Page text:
Many people have let a friend, family member, or even a business associate drive their car. It could have just been for a quick trip to a 7-11 or the dry cleaners. However, if a car crash occurs and someone suffers a serious injury, there's a chance your insurance company may try to avoid paying potential claims through contesting the "permissive use" clause in a policy.
Permissive use is a legal term used to describe a situation where a car owner gives permission to someone not directly listed on the owner's insurance policy to drive the vehicle. If it can be determined that the individual who drove your car and got into the wreck did not have permission to operate the vehicle, then your insurance company may not be required to cover expenses associated with the accident.
An example of an insurance trying to avoid paying a claim involved an employer letting an employee drive their pickup truck during Labor Day Weekend in Richmond, Virginia (VA). The employee recklessly got behind the wheel of the truck after drinking so much alcohol that their blood alcohol level was 0.18 (the legal limit is 0.08). Result - the employee hit a parked car which was propelled into the yard of where a party was held killing two people.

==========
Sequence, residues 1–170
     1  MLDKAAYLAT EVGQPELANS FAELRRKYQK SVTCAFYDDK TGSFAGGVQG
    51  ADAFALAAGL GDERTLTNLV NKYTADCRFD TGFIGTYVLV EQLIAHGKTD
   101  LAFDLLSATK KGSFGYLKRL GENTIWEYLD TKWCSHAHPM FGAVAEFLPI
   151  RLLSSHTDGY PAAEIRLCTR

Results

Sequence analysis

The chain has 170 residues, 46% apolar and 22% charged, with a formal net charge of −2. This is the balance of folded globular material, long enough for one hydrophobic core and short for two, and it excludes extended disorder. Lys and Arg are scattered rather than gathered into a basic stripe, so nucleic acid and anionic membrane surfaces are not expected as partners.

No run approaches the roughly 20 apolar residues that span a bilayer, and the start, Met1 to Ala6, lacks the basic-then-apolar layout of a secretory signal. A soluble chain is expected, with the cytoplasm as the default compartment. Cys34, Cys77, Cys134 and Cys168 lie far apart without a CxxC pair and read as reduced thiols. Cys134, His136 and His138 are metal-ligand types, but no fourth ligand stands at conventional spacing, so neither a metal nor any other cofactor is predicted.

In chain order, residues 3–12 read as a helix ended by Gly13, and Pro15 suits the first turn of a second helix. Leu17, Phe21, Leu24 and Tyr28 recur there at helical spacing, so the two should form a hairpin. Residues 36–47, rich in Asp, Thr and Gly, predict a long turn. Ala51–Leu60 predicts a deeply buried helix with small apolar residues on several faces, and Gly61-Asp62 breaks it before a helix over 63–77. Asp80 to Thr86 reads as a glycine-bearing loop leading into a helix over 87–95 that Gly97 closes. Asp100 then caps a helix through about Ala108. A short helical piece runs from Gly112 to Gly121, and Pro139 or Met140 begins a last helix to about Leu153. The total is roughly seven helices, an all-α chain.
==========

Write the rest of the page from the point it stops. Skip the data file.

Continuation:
The employee was charged with voluntary manslaughter and sentenced to 10 years in prison. The families of the two decedents filed a wrongful death claim but the insurance company defense attorneys tried to argue that the employee did not have permission to use the pickup truck and, therefore, the employer's insurance policy cannot be pursued by the plaintiff's attorneys and should try to pursue damages from the at-fault driver (i.e. the drunk employee). However, the available evidence pointed to the employer providing permissive use of the pickup truck and two $1,000,000 settlements were reached for the estate of each decedent.
Insurance companies don't always try to get out of the permissive use clause. It usually depends on the circumstances of the case and the size of the claim, but don't be surprised if this tactic is used in court if you file a serious injury or wrongful death claim stemming from a car crash.